Battery Charger (6v Sealed Leadacid)
Those who have been following Workshopshed on Twitter may be aware that I’ve a project to repair a childs toy train. This was purchased non-working from a charity shop and is electrically driven. I’ll post up a separate article on diagnosing and repairing that once it’s complete.
When I removed the 6v battery I checked it with a multimeter it had a feeble 1.72v unloaded. I quizzed a few people on twitter and Andrew and Alan both suggested charging it and see how it reacted, in particular checking that it did not draw excessive current. Alan also suggested that I needed a constant voltage supply to charge it.
However I did not have a suitable charger, Alan suggested they were quite simple so I googled for circuits and found Myra Van Inwegen’s article on a 6v sealed lead acid charger. This uses the L200 regulator which has an option for current limiting which is ideal for a charger.
I thought this chip sounded familar. I had a root in my box of bits and turned out an assembled Maplin kit for the L200. I’m not sure what I planned to do with this but I must have been keen because I bought two. This kit needs some form of supply and as Myra mentions this needs to be approx 2v higher than the charging voltage. In it’s current form you’d want to use a regulated supply but you could also add some smoothing capacitors on the input side and use an unregulated supply. All I had was a 12v one that I’ve been using for my Arduino Uno experiments.
I lookedup the specification of the Uno to see what kind of power socket I needed to get for my supply, which turns out to be a 2.1mm centre positive connector. I purchased one of these and a 0.56Ω 10W resistor for the current sensing from the local Maplin. I also found an old PC heatsink (perhaps 486 or Pentium) and cut it into two, one part for the regulator and one for the current sensing resistor. I used some old biro tubes to make standoffs for the pcb and bolted that into the box. The heatsink was tapped so I could mount that away from the edge of the case with some M4 bolts.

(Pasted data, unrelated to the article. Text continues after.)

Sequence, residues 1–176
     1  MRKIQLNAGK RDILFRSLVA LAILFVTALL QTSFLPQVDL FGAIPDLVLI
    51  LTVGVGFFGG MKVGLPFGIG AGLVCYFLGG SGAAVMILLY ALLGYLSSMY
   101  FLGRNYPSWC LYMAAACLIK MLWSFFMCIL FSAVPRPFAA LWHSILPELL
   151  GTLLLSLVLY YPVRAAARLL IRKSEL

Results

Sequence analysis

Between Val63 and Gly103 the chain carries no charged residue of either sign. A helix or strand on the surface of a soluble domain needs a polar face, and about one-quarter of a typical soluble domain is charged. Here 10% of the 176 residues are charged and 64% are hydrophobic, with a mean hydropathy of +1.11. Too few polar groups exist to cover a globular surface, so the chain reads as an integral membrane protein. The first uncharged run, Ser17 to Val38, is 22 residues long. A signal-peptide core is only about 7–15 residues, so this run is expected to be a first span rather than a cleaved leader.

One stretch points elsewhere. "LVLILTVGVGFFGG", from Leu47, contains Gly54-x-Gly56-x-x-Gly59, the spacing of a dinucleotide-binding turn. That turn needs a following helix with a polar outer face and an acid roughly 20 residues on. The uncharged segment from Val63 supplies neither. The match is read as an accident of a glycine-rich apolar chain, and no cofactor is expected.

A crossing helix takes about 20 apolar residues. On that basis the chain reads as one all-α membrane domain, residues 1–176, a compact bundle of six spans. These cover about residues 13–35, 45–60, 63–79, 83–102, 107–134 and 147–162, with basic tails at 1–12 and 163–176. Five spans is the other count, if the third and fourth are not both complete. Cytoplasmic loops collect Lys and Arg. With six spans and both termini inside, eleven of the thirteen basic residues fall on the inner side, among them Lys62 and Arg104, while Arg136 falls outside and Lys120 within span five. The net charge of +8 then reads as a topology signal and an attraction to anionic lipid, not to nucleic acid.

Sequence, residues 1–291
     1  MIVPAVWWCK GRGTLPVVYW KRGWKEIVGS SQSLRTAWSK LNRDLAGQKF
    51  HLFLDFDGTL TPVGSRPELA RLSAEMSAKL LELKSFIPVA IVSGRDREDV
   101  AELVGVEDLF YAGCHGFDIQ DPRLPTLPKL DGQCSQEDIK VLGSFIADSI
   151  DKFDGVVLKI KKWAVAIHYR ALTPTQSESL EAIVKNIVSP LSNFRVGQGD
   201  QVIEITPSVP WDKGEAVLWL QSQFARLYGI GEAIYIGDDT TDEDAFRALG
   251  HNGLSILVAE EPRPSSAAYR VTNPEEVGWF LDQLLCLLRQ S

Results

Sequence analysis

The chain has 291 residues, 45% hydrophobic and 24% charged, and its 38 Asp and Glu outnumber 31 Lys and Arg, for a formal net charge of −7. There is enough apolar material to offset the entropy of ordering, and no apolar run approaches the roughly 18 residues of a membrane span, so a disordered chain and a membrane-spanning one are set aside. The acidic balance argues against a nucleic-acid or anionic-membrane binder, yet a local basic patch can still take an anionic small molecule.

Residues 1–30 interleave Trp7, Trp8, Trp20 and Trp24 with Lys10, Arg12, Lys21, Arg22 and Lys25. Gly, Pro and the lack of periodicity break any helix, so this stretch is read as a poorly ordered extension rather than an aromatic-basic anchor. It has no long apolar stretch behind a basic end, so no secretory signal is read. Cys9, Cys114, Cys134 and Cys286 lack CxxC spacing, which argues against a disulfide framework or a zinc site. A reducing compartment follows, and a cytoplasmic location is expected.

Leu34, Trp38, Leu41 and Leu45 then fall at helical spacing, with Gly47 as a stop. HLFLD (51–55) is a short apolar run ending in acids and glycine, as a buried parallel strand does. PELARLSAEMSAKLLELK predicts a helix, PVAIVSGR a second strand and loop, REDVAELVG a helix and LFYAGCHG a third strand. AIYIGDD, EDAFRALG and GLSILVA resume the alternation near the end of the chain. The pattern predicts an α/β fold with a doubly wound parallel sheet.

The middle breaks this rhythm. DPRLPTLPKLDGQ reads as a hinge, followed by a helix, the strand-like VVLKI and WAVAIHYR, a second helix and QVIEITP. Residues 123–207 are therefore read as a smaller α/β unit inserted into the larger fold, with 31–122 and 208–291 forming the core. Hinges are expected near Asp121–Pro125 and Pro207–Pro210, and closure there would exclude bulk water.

I added an LED and on off switch to the box and wired up some big crock clips on the output. These conveniently came with an inline fuse as they were from a solar trickle charger.
When I first powered it up (unloaded) I adjusted the output voltage to 7.22v (I was aiming for 7.2v but it’s not a very sensitive trimpot). I then hooked it up to the battery and checked the voltage across the sense resistor to make sure it was not drawing too much current. This was very low so I was happy.
I left it running through the day, monitoring the voltage on the battery and checking it was not getting too hot.
The resulting graph of voltage against time is roughly what we’d expect for a lead acid battery.
It’s a 4.5AH battery and seems to be taking charging current of 0.1A so that would suggest 45hrs to charge. After 12hrs it’s upto 6.13v and I hope to keep charging till get to 7.2v so it could be some time longer before I get a fully charged battery. I also have concerns that the battery is not holding it’s charge properly as when I monitor the voltage it does tend to reduce even though the multimeter should have quite high internal resistance.
Excellent write-up. I certainly appreciate this site.
[…] mentioned in the article on battery charging, a ride on train was recently purchased a charity shop but it was not working.There were a few […]